Bootleg traffic signal changers targeted by Opticom upgrade

The in basket: For a couple of decades, Kitsap Transit buses and police and other emergency vehicles have had the capacity to change red lights to green in Bremerton and around the county as they approach.

But some private citizens have acquired equipment online or otherwise that enables them to do the same thing, though they aren’t supposed to and it’s probably illegal.

Tom Baker of the city of Bremerton electronics shop, told me, “There are emitters available on eBay that will work with the Opticom. I have seen signals pre-empted with no bus near by, so there are non-authorized users out there.”

If you are one of them, you may find yourself frustrated in Bremerton, where new digital controls have been substituted for the old ones this year, intended to prevent unauthorized use of bootleg emitters.

I learned this was afoot from Mike Singson of Advanced Traffic Products, which sold the old Opticom equipment back when it was first installed and was still around to help with the update. I encountered him at a big electronics convention at Sea-Tac in February.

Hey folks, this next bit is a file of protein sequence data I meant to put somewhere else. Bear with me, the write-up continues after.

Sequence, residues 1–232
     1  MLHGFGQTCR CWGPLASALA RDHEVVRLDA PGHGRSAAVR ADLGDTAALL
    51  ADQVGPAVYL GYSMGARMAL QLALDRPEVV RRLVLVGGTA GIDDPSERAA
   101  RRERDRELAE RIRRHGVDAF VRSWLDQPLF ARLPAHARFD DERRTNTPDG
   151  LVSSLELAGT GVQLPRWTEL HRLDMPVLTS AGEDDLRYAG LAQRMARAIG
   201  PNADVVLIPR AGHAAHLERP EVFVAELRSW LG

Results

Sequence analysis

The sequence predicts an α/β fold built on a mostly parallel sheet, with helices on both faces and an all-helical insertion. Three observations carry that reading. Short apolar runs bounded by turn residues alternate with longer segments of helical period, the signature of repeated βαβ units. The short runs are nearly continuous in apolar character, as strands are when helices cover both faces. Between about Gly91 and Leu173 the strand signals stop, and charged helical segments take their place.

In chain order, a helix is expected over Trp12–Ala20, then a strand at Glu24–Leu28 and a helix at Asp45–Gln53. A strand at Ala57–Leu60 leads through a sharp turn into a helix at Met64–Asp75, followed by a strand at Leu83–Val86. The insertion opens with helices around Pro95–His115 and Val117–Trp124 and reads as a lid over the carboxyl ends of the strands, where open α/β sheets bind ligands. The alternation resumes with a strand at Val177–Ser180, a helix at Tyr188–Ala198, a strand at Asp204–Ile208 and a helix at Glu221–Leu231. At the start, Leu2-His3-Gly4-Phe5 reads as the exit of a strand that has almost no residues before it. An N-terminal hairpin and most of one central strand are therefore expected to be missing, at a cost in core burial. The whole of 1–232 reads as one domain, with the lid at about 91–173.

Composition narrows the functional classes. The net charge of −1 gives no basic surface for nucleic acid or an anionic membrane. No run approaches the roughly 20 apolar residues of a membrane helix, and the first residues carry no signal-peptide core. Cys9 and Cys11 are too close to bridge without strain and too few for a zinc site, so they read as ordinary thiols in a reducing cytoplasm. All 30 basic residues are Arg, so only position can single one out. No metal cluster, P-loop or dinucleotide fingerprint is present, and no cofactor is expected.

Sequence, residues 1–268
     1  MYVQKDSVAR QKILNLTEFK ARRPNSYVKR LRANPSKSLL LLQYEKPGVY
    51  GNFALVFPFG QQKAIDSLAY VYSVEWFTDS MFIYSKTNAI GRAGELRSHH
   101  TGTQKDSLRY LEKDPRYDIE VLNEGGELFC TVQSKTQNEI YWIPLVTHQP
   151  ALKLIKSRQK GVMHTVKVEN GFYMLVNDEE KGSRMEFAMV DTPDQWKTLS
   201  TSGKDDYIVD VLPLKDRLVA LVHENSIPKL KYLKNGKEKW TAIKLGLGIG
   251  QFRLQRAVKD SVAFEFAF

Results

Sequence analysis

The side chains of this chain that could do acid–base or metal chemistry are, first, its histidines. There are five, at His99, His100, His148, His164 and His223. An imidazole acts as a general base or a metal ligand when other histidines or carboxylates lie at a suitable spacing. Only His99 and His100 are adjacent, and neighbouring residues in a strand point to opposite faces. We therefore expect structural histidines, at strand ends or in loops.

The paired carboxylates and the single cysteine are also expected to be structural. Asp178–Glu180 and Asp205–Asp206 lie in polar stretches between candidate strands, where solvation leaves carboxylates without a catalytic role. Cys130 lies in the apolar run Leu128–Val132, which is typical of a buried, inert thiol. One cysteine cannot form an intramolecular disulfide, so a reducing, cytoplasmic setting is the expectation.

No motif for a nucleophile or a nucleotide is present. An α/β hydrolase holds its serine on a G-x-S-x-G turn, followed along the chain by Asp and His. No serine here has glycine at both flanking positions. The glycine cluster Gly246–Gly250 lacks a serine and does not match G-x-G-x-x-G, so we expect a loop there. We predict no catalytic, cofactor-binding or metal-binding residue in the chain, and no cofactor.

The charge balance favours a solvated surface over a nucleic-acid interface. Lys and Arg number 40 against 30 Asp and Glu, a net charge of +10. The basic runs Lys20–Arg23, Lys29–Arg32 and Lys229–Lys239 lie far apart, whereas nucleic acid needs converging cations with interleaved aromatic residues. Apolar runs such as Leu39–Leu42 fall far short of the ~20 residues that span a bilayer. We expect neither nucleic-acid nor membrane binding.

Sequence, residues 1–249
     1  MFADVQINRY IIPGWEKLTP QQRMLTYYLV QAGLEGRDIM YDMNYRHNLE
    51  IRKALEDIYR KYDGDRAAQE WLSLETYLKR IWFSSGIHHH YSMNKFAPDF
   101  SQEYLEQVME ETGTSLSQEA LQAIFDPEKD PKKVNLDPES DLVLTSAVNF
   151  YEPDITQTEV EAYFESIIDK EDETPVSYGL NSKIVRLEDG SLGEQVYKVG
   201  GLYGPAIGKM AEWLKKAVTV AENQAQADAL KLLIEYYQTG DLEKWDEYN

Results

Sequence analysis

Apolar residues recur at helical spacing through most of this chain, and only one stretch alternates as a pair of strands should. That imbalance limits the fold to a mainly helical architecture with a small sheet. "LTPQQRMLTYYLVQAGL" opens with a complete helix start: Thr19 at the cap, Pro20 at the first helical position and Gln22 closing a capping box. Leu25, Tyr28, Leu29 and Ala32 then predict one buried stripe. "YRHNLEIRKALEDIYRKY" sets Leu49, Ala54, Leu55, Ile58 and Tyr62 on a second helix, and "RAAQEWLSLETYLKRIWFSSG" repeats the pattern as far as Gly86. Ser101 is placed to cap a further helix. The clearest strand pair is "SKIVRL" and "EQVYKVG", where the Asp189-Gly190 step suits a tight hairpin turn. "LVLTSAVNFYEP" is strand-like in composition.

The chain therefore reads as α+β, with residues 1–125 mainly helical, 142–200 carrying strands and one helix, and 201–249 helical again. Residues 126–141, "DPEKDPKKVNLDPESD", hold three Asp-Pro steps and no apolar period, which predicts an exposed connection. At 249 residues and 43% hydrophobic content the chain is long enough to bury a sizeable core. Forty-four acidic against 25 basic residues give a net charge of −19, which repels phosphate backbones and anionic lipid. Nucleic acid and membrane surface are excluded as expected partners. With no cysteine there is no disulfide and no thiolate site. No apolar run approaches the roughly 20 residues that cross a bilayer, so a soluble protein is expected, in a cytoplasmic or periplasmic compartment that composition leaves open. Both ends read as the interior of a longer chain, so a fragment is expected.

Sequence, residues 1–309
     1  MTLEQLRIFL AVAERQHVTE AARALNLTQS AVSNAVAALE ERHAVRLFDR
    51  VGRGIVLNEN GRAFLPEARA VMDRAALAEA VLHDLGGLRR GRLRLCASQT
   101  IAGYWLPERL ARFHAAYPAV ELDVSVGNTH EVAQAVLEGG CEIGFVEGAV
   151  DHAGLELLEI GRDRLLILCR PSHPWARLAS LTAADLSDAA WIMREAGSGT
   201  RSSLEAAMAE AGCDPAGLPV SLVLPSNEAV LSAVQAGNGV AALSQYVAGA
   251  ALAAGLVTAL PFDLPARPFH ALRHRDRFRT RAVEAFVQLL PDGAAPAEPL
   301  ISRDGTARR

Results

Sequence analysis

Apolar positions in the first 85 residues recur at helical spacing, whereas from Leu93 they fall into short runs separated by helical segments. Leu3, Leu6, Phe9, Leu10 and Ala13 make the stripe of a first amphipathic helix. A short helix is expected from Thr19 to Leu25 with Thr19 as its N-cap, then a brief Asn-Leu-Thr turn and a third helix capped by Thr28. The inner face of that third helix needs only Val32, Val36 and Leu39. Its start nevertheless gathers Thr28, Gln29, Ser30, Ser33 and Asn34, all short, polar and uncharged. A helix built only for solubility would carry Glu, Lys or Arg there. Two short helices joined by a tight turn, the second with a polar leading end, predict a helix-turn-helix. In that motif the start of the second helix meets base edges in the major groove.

The out basket: Wendy Clark-Getzin, Kitsap Transit’s capital development director (for another week or so) says it kicked in $31,000 to go with in-kind labor and services from the city to go with federal money that added up to the $200,000 project cost. It was finished April 30, she said.

In addition to ending unauthorized use of the signal changing equipment, it will reduce maintenance costs and replace some aging controller equipment,” she said.

She credited Jeff Collins of the city electronics shop with making the money stretch as far as it went, and former city engineer Mike Mecham for getting the money in the first place.

The work stops short of modernizing Opticom to the max, says Mike Singson. It’s capable of using GPS to track the buses and keep track of whether they are on time, taking changing of the lights out of the hands of the bus drivers, he said. They’re not supposed to use Opticom if they aren’t behind schedule.